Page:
Above: There were also a handful of Steelbook cases for special editions like Doom 3 and Halo 2. It proved popular enough that even Black Ops’ Prestige Edition comes in a Steelbook

Above: Greatest Hits/Player’s Choice/Platinum Hits re-branding has become standard among the big three game companies – Xbox actually changed the case to “platinum” color rather than just slap on a badge

See how there’s less to say as we get to the modern generation? Games became too expensive and too important to allow third parties total freedom – everything must be identical, differing only in the case of bundles or more-expensive special editions.

That said, don’t think your 360 or PS3 boxes haven’t changed since launch…


  • ackbarsoup - November 24, 2010 4:46 a.m.

    Great article! I swear I learn something new and interesting every time I come to Gamesradar :)
  • TheCakeIsaPie - November 22, 2010 2:15 p.m.

    Brett, you are my hero for making this.
  • zigs - November 22, 2010 10:57 a.m.

    100 comments and no one has pointed out the grievous error in this article!?! On the last page, the very last photo on the shelf of PS3 games, they appear in chronological order, but Ratchet and Clank is sandwiched between Soulcalibur IV and The Sims 3. AND YOU CALL YOURSELF A JOURNALIST?! THIS IS BULLSHIT! HOW MUCH DID MICROSOFT PAY YOU TO DO THAT!? WHERE'S YOUR INTEGRITY? (Loved the article though, I'm enough of a pedant that I did in fact find it extremely interesting!)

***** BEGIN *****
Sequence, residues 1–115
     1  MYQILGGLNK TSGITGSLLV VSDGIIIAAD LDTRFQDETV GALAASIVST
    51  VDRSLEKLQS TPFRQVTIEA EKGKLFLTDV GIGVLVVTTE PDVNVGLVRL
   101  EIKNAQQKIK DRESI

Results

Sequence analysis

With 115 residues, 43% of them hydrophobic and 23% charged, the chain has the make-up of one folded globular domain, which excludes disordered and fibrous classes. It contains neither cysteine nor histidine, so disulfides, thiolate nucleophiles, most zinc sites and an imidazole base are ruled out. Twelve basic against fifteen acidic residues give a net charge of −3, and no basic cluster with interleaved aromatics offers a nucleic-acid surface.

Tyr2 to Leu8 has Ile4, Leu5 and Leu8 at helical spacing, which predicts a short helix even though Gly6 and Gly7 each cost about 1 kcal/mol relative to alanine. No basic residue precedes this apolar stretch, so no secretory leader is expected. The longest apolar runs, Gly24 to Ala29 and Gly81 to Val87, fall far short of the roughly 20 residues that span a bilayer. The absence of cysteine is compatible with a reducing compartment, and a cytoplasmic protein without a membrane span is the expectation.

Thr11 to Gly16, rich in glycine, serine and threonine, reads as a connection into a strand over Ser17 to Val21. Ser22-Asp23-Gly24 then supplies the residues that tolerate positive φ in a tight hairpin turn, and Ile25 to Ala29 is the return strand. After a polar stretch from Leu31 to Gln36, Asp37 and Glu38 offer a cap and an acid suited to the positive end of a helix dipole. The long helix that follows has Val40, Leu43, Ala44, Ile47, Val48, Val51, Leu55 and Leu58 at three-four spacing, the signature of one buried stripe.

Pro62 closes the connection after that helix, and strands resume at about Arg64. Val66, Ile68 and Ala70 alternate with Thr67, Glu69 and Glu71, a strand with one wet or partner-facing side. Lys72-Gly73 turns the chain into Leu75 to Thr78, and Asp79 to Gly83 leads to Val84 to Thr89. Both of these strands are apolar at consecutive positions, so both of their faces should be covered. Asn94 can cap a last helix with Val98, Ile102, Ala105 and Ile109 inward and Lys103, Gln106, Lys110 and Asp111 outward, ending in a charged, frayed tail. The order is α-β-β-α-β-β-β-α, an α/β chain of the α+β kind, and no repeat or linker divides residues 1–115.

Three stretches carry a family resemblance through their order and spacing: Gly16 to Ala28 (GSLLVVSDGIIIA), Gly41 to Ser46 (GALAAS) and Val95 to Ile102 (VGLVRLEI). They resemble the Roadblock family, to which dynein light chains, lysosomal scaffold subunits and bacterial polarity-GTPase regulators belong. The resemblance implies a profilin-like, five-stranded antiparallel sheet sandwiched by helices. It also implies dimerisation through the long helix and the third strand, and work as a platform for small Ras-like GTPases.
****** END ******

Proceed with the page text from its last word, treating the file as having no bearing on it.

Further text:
• Darkhawk - November 21, 2010 2:40 p.m.

    What has always struck me about Gamecube cases is how, on the spine, the logo sits at the bottom. As a design choice, it also bugs me, because I would prefer more fluidity between PS2 logos to Xbox logos to Gamecube logos. On the Wii, it's back at the top again.
  • EsotericFerret - November 21, 2010 12:35 p.m.

    This was an awesome article, Brett. Definitely keep up this kind of material.
  • super0sonic - November 21, 2010 9:44 a.m.

    awww man been looking forward to this since it was mentioned on talkradar. It was very interesting and there was a few games with box are so interesting i had to goggle it like Capcoms Section-z and jaleco city connection.
  • tayls - November 20, 2010 10:35 p.m.

    Great article, and one that took me on a nostalgic journey. I obsessed over game packaging from the time I was a small child (maybe that's why I'm a graphic designer now?), and this is laid out beautifully. God, the first version of PS3 game packaging is bad. Just can't get over it to this day.